Football and Sports News

Cate Campbell, Maddie Groves and Emily Seebohm speak as war erupts

Transgender athletes are embroiled in a major war over the bombing of a women’s competition.

The governing body FINA announced Monday morning that it will be the first sport to set up an “open category” to allow transgender athletes to compete in a major division.

However, the policy excludes many transgender athletes from the mainstream.

The new addition policy was approved by an unconventional FINA Congress by individual member organizations and approved by 71.5 percent of countries.

The good print on the 24-page policy includes a number of divisive details that have sparked heated debate around the world.

Australian Olympic champion Emily Sebohm and Kate Campbell are among the top athletes to speak out in support of the verdict.

However, that followed the catastrophic reaction of former OSC swimmer Madi Groves.

Groves dropped out of the Olympic Games in June last year, citing “toxicity in sports” as part of a series of bomb blasts in Australia.

Madi Groves in the Commonwealth Games. Photo by Clive Rose / Getty Images.Source: Getty Images

Before the vote, the 27-year-old, in a speech to Congress, echoed Campbell’s sentiments.

“I hope young girls around the world continue to aspire to be Olympic and world champions in the women’s category,” said Campbell.

“However, I hope that a young man of different genders enters the pool and feels the same acceptance as a nine-year-old African refugee boy in those years.”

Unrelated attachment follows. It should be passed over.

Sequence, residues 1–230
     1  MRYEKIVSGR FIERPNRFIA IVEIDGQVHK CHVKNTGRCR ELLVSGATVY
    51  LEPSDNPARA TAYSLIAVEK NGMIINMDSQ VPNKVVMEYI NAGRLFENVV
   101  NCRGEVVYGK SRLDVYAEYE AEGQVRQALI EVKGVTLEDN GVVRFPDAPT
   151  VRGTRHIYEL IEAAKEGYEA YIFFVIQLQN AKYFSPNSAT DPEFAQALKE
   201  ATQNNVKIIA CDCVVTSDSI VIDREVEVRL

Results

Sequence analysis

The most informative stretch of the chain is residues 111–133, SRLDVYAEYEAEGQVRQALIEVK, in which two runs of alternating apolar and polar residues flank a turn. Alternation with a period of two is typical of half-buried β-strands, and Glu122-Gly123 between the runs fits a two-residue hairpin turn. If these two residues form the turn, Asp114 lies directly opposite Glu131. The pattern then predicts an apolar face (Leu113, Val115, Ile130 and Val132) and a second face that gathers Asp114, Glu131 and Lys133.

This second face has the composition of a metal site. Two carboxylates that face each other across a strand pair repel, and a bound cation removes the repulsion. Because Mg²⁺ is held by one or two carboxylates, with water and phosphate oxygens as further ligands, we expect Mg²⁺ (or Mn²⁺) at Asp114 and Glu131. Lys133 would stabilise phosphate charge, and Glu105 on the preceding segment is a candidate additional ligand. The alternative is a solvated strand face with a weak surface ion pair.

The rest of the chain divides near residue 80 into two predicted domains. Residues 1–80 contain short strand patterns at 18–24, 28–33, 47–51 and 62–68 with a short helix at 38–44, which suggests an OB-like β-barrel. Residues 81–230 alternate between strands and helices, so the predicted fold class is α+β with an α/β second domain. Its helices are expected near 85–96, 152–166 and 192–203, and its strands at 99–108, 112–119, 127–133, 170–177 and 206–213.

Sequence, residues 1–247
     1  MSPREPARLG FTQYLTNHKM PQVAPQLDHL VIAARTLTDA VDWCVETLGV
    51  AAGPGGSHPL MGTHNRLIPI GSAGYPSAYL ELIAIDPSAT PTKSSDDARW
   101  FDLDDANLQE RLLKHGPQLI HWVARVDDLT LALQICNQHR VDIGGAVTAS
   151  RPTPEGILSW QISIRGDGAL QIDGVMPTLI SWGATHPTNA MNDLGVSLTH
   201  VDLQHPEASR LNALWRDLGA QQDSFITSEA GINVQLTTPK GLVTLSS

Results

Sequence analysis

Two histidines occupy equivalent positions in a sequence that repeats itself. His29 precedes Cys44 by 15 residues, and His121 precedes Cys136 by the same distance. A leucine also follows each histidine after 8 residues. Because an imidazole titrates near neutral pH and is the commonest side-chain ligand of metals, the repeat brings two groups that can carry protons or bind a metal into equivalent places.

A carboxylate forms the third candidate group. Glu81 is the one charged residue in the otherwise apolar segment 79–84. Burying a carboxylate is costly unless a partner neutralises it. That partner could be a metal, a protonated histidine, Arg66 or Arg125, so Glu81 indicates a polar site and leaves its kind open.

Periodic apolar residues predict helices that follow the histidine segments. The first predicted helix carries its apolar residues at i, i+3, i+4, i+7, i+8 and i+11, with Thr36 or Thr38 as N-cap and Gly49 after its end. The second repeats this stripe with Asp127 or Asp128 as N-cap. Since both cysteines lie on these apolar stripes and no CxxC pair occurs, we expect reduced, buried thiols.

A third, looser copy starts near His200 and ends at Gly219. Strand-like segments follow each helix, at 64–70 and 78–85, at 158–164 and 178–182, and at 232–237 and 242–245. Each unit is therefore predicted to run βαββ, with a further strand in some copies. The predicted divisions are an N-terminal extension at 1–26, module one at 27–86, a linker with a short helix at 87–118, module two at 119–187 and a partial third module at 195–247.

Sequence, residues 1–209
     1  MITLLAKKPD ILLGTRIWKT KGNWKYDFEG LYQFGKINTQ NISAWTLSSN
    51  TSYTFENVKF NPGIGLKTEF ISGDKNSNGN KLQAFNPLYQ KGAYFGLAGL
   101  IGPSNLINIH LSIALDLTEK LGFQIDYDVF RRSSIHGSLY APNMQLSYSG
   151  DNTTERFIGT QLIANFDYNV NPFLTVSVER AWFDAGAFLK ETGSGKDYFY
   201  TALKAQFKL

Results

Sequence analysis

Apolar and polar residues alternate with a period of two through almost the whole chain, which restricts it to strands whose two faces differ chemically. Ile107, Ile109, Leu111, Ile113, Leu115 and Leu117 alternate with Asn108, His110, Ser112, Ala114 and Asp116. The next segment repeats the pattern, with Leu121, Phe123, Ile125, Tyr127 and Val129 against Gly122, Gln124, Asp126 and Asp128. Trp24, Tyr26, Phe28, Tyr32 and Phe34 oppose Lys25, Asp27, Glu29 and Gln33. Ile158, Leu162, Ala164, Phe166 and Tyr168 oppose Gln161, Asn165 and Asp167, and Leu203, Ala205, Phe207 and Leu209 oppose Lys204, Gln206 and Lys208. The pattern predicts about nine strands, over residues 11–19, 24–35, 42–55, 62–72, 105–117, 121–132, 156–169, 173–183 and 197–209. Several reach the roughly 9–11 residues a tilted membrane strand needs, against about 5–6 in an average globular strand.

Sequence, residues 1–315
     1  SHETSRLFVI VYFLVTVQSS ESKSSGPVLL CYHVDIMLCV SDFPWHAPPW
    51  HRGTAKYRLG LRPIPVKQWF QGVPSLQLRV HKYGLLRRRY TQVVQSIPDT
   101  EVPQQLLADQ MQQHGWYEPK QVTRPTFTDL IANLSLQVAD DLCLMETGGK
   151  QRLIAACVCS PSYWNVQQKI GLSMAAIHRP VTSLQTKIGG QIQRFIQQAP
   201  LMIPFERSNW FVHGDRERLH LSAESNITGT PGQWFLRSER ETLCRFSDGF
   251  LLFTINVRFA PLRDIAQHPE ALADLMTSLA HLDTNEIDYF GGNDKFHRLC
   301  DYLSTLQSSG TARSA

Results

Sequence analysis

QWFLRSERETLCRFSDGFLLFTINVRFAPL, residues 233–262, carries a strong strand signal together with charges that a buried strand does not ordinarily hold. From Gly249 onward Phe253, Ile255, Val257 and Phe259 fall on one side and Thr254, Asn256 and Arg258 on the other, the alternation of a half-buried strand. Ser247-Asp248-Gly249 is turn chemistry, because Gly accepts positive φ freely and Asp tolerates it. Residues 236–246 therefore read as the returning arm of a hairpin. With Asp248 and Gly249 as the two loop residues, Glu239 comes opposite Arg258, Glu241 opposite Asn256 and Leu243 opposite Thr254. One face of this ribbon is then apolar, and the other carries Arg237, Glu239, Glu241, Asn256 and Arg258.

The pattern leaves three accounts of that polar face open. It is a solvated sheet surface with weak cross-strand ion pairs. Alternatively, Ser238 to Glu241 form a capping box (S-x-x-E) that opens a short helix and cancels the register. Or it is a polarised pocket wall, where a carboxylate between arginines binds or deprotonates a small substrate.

Groves responded to Campbell by posting on Twitter: “So you are preventing them from competing with their peers? Are you safe from isolating an already excluded group? True acceptance.

“There are already people of different genders in the pool and I guess they were not very acceptable (now). Shame on all those who support this discriminatory and unscientific decision.

Australian stars stand up for decision, and immediate response follows judgment

Under the new rules, male competition will be open to all. However, male and female transgender athletes and interpersonal athletes can compete as female athletes in the FINA competition only if they can prove that they have no male or female body parts.

Transgender activist Taylor Lean Chandler, who claims to have close ties to Olympic swimming icon Michael Pleps, came out in protest Monday morning.

Chandler, who previously said she used testosterone pills before undergoing surgery to remove her penis in her early 20s, tweeted: “FINA does not protect all women! Transfer rights have been reserved for over 100 years.

However, Campbell and other FINA figures argue that the policy helps transgender people to be included in the sport.

“My role is to stand here today for the Trans people ‘and we want you to be part of a wider swimming community,'” Campbell said in a statement.

“It hurt me that this part of my role can hurt, irritate and alienate people from an already marginalized trans community.

“Believe me, I have long struggled with what I say and what I say. I know that my actions and words will annoy some people no matter what I say – both from the trans-community and from the Sessender community.

“However, I urge everyone to breathe, to swallow before responding. Listen to scientists and experts. Listen to the people here and they will tell you how difficult it was to add and reconcile.

“It cannot be argued that men and women have physiological differences.”